The purpose of this research is to examine three articles dealing with crime and delinquency. The plan of the research will be to provide a summary of each of the articles and then to relate what the articles themselves say, as appropriate, to certain theories of delinquency and crime discussed in Whitehead and Lab's text Juvenile Justice: An Introduction, with a view toward providing an interpretation and opinion of them.
Schwartz, Ira M., Rendon, Jose A., and Hsieh, Chang-Ming. "Is Child Maltreatment a Leading Cause of Delinquency?" Child Welfare 73 (September 1994): 639-655.
This article is a forceful criticism of the public-policy focus on juvenile justice as the remedy for and appropriate response to delinquency and juvenile crime, by way of a criticism of the research that has been done into the issue of the causes of juvenile crime. The key argument in this regard is the fact that most public resources (i.e., tax money) aimed at solving the problem of juvenile crime have been spent on making the judicial system that must dispose punishments for the crimes more workable, efficient, and fair. To be sure, treatment of juvenile offenders, and not just punishment, appears to be a part of this. However, the position taken by this article is that the focus is on the offenders per se and not on identifying what motivates or otherwise causes the offenses in the first place.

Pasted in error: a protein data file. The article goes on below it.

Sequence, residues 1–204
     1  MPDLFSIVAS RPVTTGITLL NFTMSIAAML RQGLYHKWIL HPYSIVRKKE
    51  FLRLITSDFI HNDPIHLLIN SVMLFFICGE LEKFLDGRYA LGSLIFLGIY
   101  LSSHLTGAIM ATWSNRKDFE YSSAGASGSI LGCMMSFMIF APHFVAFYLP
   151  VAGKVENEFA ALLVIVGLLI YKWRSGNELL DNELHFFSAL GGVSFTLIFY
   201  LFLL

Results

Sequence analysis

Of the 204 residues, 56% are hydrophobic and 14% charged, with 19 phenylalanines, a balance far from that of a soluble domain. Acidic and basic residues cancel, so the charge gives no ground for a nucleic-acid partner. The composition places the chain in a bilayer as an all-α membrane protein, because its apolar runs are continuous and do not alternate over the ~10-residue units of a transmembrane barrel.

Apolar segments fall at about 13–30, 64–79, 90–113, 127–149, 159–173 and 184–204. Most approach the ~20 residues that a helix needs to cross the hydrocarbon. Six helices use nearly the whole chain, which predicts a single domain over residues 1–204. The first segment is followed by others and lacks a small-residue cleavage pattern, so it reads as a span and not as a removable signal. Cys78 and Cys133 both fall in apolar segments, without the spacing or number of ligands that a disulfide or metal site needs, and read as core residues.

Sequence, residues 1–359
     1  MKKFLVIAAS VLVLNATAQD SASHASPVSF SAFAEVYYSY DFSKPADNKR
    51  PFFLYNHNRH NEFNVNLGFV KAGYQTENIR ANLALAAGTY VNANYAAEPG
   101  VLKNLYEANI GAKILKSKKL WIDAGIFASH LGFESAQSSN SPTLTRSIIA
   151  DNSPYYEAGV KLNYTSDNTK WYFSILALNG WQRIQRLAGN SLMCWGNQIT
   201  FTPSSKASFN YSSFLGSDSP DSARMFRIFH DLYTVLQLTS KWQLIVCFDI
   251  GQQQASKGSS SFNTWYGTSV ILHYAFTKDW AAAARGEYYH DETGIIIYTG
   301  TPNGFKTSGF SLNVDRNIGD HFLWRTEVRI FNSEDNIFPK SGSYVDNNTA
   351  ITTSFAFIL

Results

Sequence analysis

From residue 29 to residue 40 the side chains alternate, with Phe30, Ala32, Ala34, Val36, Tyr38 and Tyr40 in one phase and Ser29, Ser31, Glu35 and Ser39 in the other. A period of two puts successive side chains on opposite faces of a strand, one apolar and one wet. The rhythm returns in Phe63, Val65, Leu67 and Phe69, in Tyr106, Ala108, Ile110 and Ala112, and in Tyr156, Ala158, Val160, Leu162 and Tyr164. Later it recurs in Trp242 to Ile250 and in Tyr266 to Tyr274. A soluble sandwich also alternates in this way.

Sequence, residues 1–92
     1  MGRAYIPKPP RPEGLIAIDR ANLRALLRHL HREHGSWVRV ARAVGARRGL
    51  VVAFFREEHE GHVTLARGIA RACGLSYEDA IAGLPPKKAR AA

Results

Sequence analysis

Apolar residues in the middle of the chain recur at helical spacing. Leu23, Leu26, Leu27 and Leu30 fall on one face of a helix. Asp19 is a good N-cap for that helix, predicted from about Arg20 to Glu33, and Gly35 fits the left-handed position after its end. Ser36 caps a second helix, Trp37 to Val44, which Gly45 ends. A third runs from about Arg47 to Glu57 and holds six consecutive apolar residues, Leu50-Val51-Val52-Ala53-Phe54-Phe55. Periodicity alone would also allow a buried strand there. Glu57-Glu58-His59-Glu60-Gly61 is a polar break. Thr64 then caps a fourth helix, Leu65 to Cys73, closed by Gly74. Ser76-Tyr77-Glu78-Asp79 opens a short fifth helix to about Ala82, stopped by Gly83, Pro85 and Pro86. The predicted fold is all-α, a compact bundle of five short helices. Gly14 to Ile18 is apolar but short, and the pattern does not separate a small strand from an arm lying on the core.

Like Juvenile Justice, Schwartz, Rendon, and Hsieh explain dominant methods of research into juvenile crime. They divide research methods into decades, saying that during the 1960s the focus was on minor juvenile offenses such as truancy, which could lead to adult crime; that during the 1970s the focus had shifted to learning disabilities as the cause of juvenile crime; that in the 1980s nature (i.e., genetic and biological factors) was held to be the cause; that in the 1990s the dominant view is that child maltreatment/abuse explains juvenile delinquency. In...